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37 FIRST FEATURE COMPETITION I AM NOT A WITCH JEUNE FEMME TUE 10 THU 12 SUN 15 20:45 NFT2 13:15 NFT3 13:00 CINÉ LUMIÈRE MON 9 TUE 10 FRI 13 21:00 SOHO 12:50 NFT3 18:30 HACKNEY SUN 8* MON 9 SUN 15 20:45 MAYFAIR 12:30 VUE5 18:15 SOHO THU 12 SAT 14 SUN 15 21:00 MAYFAIR 14:45 SOHO 12:30 SOHO Dir-Scr Rungano Nyoni. Prod Emily Morgan, Juliette Grandmont, Titus Kreyenberg. With Margaret Mulubwa, Henry Phiri, Nancy Mulilo. UK-France- Zambia 2017. 95min. UK Distribution Curzon Artificial Eye Dir-Scr Léonor Serraille. Prod Sandra da Fonseca. With Laetitia Dosch, Souleymane Seye Ndiaye, Grégoire Monsaingeon. France-Belgium 2017. 97min. UK Distribution Curzon Artificial Eye Dir-Scr Carla Simón. Prod Valerie Delpierre, Stefan Schmitz, Maria Zamora. With Laia Artigas, Bruna Cusi, David Verdaguer. Spain 2017. 96min. Sales New Europe Film Sales In a Zambian village Shula, a small, silent girl with big eyes, is accused of being a witch. Her choice: join a travelling witch camp or become a goat. Thus begins Zambian-born, Wales-raised Rungano Nyoni’s dazzling and audacious satirical fairy tale. Choosing to join the troop, Shula (a startlingly impressive Margaret Mulubwa) is placed onto a flatbed truck alongside witches with long ribbons streaming down their backs, attached to spindles which ensure their captivity. Shula’s big eyes remain inscrutably calm, even when she is subjected to the bizarre absurdities of being a tourist attraction in a travelling freak-show. Nyoni explodes onto the global stage with this thrilling debut and its exhilaratingly cacophonous array of cultural influences. Rooted in an attack on a specific tradition – witch camps – this allegorical tale is also a blistering critique of attitudes to women. And if the details are specific to Africa, its themes are globally resonant. Tricia Tuttle Dir-Scr Ana Asensio. Prod Jenn Wexler, Chadd Harbold, Larry Fessenden, Noah Greenberg, Ana Asensio. With Ana Asensio, Natasha Romanova, Caprice Benedetti. Spain-USA 2017. 80min. UK Distribution Bulldog A day in the life of an undocumented Spanish immigrant in New York is given the Grand Guignol treatment in this darkly compelling debut. Inspired by her own experiences, director-writer-producer Ana Asensio plays Luciana, a Spanish immigrant trying to build a life for herself in the Big Apple. With no social security number and thus no hope of a steady income, Luciana is forced to take work where she can, whether it’s babysitting privileged rich kids on the Upper East Side or sporting a sexy chicken costume to promote a tacky fast food joint. When her Russian friend Olga suggests a highly-paid, no-questions-asked mystery gig, Luciana is in no position to say no. But her concerns soon escalate. A veritable masterclass in mounting tension and insidious discomfort, Asensio expertly utilises genre conventions to heighten her dark – and often painfully sad – parable about exploitation and the American Dream. Michael Blyth When a key doesn’t get Paula into her ex-lover’s apartment, her attempts at head-butting the door open also prove unsuccessful. A bleeding head wound opens this kinetic, urgent portrait of a heartbroken young woman who is her own worst enemy. Hauling the ex’s cat across Paris in a cardboard box, Paula’s days as a photographer’s muse are over. But she does possess a scrappy charisma and this magnetism is her ticket to clawing her way back to stability. Jeune Femme takes its cues from Laetitia Dosch’s impossible-to-take-your-eyes-off-her performance as Paula, hurtling through scenes to a post-punk electro score. Debut director Léonor Serraille impresses with sheer vivacity – this is filmmaking from someone who is alive to both the possibilities of cinema and to human experience in 2017. And it’s a film that is funny, moving and hugely invigorating. Kate Taylor An outstanding debut feature charting the emotional journey of a six-year old girl in the aftermath of her mother’s death in early 1990s Spain. Frida (an extraordinary performance from Laia Artigas) is dealing with a grief she cannot process when she is packed off from her Barcelona home to live with her mother’s brother, his wife and their four-year old daughter in rural Catalonia. However, good intentions don’t always produce the desired result as Frida struggles to settle into a new family dynamic. Spain has produced some of cinema’s most resonant child protagonists and there is something of the spirit of Saura’s Cría Cuervos and Erice’s The Spirit of the Beehive in Carla Simón’s beautifully crafted film. Balancing an acute sense of place and time with a broader autobiographical slant, Summer 1993 is a distinctive film realised with heartfelt sensitivity and a keen sense of visual poetry. Maria Delgado SUMMER 1993 ESTIU 1993 MOST BEAUTIFUL ISLAND BRITISH * BSL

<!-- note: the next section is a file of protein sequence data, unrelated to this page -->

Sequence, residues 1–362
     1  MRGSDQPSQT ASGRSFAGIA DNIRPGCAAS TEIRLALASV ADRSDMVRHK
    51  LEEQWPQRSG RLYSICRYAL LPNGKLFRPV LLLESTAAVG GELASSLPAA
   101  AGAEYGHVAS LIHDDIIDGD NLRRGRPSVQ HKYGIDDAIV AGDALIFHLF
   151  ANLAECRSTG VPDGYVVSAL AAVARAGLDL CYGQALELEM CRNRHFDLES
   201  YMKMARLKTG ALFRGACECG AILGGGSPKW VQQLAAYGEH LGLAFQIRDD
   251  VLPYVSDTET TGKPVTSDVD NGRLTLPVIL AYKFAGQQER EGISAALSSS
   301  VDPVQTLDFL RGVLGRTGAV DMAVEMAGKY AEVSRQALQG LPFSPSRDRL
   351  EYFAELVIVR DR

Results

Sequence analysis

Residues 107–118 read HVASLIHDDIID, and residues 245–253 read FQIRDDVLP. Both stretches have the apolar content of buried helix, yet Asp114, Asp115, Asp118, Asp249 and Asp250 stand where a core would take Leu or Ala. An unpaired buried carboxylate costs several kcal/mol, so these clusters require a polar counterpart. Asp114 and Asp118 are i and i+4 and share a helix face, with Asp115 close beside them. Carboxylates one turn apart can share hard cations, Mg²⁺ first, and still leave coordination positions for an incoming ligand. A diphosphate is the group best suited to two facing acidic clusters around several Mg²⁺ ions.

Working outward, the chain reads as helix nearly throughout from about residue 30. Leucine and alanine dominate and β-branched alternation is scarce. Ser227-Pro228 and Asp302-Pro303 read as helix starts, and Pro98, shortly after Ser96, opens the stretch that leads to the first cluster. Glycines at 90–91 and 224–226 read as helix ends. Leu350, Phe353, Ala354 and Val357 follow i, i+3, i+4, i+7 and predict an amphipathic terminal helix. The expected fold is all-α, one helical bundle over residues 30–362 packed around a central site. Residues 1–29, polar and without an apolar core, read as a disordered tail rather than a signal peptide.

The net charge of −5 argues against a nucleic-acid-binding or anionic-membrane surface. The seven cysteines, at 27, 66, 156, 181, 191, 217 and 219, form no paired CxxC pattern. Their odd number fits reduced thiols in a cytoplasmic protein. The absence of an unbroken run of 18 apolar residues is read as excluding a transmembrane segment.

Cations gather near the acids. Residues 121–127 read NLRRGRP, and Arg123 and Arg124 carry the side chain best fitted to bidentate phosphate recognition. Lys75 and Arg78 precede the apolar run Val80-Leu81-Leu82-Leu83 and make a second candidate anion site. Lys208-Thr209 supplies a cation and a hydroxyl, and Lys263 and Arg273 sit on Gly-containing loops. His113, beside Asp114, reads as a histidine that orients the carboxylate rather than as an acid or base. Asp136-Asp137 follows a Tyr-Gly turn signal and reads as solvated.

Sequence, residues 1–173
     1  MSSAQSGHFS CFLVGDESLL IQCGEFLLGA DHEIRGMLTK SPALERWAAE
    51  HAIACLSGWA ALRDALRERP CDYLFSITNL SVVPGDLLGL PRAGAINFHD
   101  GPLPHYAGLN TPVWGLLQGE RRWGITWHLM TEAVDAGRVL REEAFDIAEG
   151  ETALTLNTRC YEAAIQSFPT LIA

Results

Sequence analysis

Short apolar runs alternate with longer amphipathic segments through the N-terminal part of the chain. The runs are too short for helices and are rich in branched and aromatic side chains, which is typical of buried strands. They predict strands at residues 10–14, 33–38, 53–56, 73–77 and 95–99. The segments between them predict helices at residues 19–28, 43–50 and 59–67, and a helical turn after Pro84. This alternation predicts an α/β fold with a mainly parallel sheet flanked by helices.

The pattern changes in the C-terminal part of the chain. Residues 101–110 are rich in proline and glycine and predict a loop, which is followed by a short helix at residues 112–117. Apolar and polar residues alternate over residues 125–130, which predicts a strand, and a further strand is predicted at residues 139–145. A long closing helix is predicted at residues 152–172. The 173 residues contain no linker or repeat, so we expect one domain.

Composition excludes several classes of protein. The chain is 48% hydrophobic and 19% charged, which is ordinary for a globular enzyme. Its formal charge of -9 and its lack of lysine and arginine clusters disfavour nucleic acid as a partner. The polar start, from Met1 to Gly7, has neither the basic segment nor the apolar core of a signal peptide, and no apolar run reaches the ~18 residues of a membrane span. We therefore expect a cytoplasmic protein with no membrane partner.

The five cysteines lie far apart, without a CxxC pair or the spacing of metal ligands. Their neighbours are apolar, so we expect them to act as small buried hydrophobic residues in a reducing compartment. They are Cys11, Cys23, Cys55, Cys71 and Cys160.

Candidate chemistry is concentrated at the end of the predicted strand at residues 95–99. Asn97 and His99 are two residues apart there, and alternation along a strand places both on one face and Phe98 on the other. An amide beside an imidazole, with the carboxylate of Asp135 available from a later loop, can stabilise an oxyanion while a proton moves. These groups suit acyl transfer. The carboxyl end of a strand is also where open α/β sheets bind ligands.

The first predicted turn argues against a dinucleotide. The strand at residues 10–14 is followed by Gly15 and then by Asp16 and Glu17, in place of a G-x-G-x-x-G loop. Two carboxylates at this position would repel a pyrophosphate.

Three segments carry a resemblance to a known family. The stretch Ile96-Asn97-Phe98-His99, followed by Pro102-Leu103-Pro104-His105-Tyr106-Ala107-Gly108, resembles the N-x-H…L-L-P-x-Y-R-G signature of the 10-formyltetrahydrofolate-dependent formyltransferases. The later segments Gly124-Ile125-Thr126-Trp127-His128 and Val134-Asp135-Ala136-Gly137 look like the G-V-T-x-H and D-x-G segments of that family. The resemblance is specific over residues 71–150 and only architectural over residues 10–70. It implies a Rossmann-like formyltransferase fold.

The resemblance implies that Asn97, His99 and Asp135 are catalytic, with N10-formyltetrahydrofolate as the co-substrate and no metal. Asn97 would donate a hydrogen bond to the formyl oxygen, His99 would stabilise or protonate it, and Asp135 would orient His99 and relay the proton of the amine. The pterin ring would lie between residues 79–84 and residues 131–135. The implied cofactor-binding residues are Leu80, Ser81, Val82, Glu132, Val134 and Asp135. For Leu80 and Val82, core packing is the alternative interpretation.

LFF 17_ Brochure high res
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